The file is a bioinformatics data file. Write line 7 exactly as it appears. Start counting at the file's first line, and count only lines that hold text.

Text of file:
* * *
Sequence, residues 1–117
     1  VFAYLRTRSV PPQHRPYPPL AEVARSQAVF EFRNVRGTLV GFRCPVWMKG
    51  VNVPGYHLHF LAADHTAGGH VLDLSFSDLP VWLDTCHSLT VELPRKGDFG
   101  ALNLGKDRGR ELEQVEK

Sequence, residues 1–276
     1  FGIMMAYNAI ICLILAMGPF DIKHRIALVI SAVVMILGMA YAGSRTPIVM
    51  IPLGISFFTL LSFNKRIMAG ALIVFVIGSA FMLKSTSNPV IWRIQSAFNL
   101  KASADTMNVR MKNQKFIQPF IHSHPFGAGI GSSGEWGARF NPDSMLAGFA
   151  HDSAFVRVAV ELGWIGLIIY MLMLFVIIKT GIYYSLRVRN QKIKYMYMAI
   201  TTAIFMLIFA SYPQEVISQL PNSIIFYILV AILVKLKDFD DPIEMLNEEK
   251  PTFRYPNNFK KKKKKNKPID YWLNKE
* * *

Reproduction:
    51  IPLGISFFTL LSFNKRIMAG ALIVFVIGSA FMLKSTSNPV IWRIQSAFNL